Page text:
Thursday, August 10, 2006

Chutkule - The Trivia

Apparently, it started with Daag - The Fire. Though the jury is still out why it was named so.
I mean, what is the connection between Daag and Fire? And the plot of the movie starring Sanjay Dutt, Chandrachur Singh and Mahima Chaudhry (in a double role, that too!)?
One extremely plausible theory is that the distributor wanted to name it Aag - The Fire. His high school-dropout flunky misread it!
But why the sub-title? That's the Prashna - The Question!

Well, it is quite simple actually.
The producer wants to make a film with Karishma Kapoor in the lead. They sign her. They shoot the film. They have the title song composed. Then, they go to get the title registered. And WHAM - they suddenly find out some other pesky fellow has got the damn name. The pesky fellow has no intention of making a film of that name. But he wants to make a quick buck by selling the title to the aforementioned producer.
Now, if Bollywood was corporatised, they would have paid the money and got hold of the title. Its a bloody small sum of money anyway.
But Bollywood is nothing if it is not stubborn. And resourceful! The producer tells the pesky fellow - "Keep the fu***** title. I am not going to pay one penny for a name like Baaz."
And goes ahead and gets another title registered.
The new title? Baaz - A Bird In Danger.

Why convolute matters? Can't we get a simple spelling change - and register the same title? Yes, you can... except for the small matter that the pesky fellow has registered ALL possible spelling combinations that remotely spell Baaz!

So, to get back to Daag - The Fire, it started off a trend like no other. Every frigging Hindi film (whether facing a similar problem or not) had a subtitle.
When Karan Johar asked, "Mere paas Amitabh hain, Jaya hain, Shah Rukh hain, Hrithik hain, Kajol hain, Kareena hain. Tumhare paas kya hain?", the small-time producer said, "Mere paas Maa - The Mother hain. Hrrmmph!"

The basic format of the hyphenated name is Hindi Name - The English Translation.
But there are variations...
* Hindi/English: Dhund - The Fog.
* English/Hindi: Double Cross - Ek Dhoka.
* English/Hinglish: Rules - Pyaar Ka Superhit Formula.
* English/English: Encounter - The Killing.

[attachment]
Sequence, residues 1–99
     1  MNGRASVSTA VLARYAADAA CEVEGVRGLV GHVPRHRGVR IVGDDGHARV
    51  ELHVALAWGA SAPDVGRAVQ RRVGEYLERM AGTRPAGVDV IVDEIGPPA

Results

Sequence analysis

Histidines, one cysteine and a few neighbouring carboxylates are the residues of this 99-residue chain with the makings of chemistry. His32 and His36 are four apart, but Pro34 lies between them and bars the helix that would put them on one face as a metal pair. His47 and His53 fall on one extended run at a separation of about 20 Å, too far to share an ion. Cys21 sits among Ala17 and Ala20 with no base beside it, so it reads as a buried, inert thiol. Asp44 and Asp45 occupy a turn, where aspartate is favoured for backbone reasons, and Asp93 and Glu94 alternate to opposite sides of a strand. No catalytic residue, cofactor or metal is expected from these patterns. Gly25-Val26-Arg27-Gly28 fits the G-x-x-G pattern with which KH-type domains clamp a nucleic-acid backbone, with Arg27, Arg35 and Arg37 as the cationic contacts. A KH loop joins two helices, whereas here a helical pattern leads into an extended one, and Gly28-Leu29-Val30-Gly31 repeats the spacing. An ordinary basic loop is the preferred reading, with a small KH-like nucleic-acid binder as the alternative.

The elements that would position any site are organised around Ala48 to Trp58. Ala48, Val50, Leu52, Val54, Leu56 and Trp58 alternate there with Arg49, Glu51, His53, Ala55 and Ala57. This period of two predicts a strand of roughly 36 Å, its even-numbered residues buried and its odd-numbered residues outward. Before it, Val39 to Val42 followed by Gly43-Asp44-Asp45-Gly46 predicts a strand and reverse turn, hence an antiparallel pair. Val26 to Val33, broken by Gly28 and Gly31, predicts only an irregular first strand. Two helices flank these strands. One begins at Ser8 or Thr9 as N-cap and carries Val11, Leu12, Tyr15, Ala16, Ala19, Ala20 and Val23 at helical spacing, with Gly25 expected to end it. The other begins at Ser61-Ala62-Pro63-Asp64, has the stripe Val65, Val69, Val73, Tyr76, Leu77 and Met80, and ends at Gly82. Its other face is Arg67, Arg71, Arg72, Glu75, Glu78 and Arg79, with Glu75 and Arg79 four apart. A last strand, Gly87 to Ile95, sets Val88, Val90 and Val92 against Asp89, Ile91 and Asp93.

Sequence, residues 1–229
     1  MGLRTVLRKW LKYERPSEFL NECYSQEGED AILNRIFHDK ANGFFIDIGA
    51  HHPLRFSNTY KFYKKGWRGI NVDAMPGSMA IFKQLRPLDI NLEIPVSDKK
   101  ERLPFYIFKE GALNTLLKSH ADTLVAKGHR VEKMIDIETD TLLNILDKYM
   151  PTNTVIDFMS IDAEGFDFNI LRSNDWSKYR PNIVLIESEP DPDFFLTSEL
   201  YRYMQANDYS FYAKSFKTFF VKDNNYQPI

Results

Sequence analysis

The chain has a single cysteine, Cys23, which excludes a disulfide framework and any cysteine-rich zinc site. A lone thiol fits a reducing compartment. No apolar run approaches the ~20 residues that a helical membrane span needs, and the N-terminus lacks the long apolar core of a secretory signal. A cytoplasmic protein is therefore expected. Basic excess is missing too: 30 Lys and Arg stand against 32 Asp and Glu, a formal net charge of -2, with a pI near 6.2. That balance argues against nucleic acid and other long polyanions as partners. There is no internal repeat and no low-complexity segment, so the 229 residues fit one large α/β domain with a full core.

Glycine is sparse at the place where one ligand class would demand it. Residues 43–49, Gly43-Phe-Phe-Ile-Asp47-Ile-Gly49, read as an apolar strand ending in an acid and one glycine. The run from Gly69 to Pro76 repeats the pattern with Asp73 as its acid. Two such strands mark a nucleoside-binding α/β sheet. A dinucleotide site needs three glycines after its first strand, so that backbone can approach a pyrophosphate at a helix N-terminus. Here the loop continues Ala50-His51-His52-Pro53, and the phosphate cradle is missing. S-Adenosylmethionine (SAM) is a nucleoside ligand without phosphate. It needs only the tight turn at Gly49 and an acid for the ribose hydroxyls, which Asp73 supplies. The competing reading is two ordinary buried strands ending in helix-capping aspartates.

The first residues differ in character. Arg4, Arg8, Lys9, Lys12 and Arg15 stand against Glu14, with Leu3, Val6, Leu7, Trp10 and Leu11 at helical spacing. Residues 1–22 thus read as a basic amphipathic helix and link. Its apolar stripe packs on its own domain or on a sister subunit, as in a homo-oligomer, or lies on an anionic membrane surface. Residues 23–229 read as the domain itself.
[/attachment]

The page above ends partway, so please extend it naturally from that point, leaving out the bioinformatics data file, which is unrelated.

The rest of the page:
* Hindi/Unconnected: Aan - Men at Work.
* Hindi/Deep Meaningful Thought: Waqt - A Race Against Time.
It was such an epidemic that Nagesh Kukunoor spoofed it in Bollywood Calling. The film being shot in that film was Maut - The Death!

Let me end with a brilliant story which is a exemplifies the typical Bollywood resilience and resourcefulness.
A very long time ago, the flavour of the season was a con-man called Natwarlal. He was caught after a long cat-and-mouse game with the police and the stories of his exploits were reported gleefully by the media. Bollywood decided to make a movie on him. Actually, all of Bollywood wanted to make innumerable movies on him. The most prestigious of these was the one starring one Mr Amitabh Bachchan. (Incidentally, there isn't a shred of similarity between the original Natwarlal and the film but then, we are being pedantic now!)
The producer happily signed Amitabh and Rekha. Went to great locations. Got Amitabh to sing for the first time. Shot a fantastic song called Pardesiya. And all this, with a working title of Natwarlal.
Only when Mr Bachchan completed shooting and the distributors started to badger the producer for a release date, did he saunter across to do the paperwork. And lo behold, there was some other jerk had already registered the name!
No probs, thought our dynamic producer and promptly registered Mr Natwarlal as the title.
End of story? Perish the thought!
The other guy (one with the legal rights to Natwarlal) decided that his film would not stand a chance against the box-office Midas.
So he stirred the waters a bit and went to the Association of Film Producers of India - where he filed a complaint that there is actually no difference between Natwarlal and MR Natwarlal. I mean, what would Natwarlal be if he is not a Mr?
The august association pondered over this very cogent argument and ruled in favour of the other guy. That, Mr and Blank Natwarlals were actually the one and same. So would the producer register his film under a different name, please?

Delayed release. Mounting debts. Sleepless nights. Terrible ulcers. Where is an AK-47 when you need one?
Then came the solution which would have left all of Mr DeBono's six thinking hats in a tizzy!
Who is in the film? Amitabh Bachchan. (Right. Can't pretend Satyen Kappu is the star attraction!)
Who is he featured as? Mr Natwarlal.
So, our debonair & dashing producer went ahead and named his film - guess karo, guess karo - AMITABH BACHCHAN IN AND AS MR NATWARLAL!!!

The association ruled that Natwarlal and Mr Natwarlal might be the same but ABIAAMr Natwarlal is certainly a different animal!
So, when you see a poster with the aforementioned phrase on it, don't mistake it for an advertisement for Bachchan's charisma.
Check out the censor certificate (I did!) - it is an advertisement for a producer's (one Mr Tony) wheeling-dealing!

PS: Is the story true? Who cares...
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